January 25, 2013

Food Production Fears Over Devon Solar Farms

BBC Devon report today that:

A countryside group has raised concerns about Devon farmland being taken out of food production for solar farms.

The "countryside group" the BBC is referring to is in fact The Campaign to Protect Rural England. According to the BBC, Penny Mills from the CPRE has said that:

Farmland should be producing food, that's traditionally what it's done and the concern is this is so large… where is this going to stop? We should be supporting local producers. We need food and we have a growing population.

The BBC has solicited the views of other interested parties, and they also reveal that Dr Jonathan Scurlock, chief policy advisor on renewable energy for the National Farmer's Union believes that:

Solar is very efficient in terms of the amount of energy that can be produced.  Most solar farms are on low-grade land and can bring a modest income to the farmer.

I'm not a member of the CPRE or the NFU, but as luck would have it I am a member of RegenSW, which according to the BBC is "an independent centre of expertise in renewable energy". In that capacity I would dispute the NFU's assertion that "solar is very efficient", and have indeed presented arguments to the effect that such "modest income" generators should not be constructed on Devon's "prime agricultural land" to Teignbridge District Council planners on a number of occasions. The BBC has also sought the views of Merlin Hyman, chief executive of RegenSW, who told them that:

Prime agricultural land should not be used, in our opinion, and we have issued best practice guidance to councils. But there shouldn't be a conflict between fuel and farming and I'd be surprised if planning permission would be granted on prime land.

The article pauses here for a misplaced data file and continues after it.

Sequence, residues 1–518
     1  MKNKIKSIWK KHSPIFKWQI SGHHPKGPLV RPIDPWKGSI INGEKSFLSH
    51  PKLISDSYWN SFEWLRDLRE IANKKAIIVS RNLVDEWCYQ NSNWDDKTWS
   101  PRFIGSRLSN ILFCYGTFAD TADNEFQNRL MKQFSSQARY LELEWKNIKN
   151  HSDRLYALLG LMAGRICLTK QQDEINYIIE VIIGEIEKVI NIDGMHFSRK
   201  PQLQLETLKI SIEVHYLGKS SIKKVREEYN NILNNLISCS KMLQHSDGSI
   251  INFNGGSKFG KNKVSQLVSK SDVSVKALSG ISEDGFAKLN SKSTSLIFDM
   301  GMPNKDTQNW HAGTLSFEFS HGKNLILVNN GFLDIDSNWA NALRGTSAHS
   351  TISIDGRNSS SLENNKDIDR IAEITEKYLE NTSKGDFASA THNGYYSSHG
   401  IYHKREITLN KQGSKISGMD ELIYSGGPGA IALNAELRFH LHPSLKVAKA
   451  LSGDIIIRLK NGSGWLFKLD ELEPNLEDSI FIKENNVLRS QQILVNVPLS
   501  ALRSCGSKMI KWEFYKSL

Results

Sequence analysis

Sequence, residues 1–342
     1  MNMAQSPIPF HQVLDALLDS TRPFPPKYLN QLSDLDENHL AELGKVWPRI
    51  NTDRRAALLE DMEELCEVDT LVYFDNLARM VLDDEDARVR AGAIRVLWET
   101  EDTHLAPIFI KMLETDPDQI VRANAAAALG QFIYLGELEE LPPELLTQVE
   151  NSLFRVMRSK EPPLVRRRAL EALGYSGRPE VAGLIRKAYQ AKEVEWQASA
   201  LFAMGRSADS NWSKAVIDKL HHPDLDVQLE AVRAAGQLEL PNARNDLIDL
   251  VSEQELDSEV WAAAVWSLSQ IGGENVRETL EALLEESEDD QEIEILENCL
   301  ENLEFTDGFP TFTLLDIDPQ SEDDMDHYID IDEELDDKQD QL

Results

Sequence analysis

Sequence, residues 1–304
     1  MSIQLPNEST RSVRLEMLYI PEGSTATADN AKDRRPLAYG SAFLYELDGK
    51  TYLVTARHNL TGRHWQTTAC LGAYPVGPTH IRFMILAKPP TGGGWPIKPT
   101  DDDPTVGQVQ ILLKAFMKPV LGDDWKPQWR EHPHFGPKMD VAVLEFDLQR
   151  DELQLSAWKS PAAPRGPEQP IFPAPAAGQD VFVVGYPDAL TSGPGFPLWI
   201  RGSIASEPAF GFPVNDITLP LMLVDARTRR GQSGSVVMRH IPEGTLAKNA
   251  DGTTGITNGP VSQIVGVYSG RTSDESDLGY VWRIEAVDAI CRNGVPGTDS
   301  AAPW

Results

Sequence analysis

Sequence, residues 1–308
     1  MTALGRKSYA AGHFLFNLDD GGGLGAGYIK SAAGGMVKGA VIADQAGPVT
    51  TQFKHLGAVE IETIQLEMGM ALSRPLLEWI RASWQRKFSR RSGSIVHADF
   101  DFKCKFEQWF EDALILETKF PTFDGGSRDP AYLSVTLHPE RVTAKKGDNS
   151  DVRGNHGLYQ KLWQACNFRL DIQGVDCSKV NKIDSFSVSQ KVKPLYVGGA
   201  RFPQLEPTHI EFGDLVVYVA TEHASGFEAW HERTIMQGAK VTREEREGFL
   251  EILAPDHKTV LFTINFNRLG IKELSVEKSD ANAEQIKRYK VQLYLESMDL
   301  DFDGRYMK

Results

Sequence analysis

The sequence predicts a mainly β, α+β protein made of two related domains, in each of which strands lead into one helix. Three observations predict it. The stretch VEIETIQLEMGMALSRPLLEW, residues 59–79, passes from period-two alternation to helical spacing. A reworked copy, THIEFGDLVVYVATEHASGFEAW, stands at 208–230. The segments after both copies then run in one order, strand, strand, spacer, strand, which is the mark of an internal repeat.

The BBC also talked to Dave Timms from Friends of the Earth, who said that:

We would be concerned if solar farms were pushing out prime agricultural land but there's no real need for it to happen. There are enough roofs on houses, factories, local authority buildings and enough brown-field sites and waste land.

The views of all these experts does rather raise the question of why solar photovoltaic "power stations" are being constructed on farmland in the first place, rather than on  "roofs, brown-field sites and waste land".  If developing such things on anything other than "low-grade land" is a bad idea, then why are developers still applying for planning permission to build them on prime agricultural land? Possibly a partial answer to that question was given to the BBC by Rob Denman from TGC Renewables, "which is building several solar farms in Devon",  who said that:

To get planning permission we only submit applications for low yield agricultural land otherwise the planner generally turns it down. Depending on a variety of factors, farmers could earn an average of £800 per acre per annum.

Mr. Denman didn't reveal to the BBC how much developers of solar PV "farms" like TGC, or investors in such developments, expect to be able to earn per acre per annum on average. Personally I can't help but think that the way all these numbers stack up won't lead to every planning application around the nation to build large scale solar parks on prime portions of  Britain's "green and pleasant land" being suddenly withdrawn, although at least Lightsource RE have recently withdrawn their application to erect a solar park at Bowhay Farm on grade 2 agricultural land.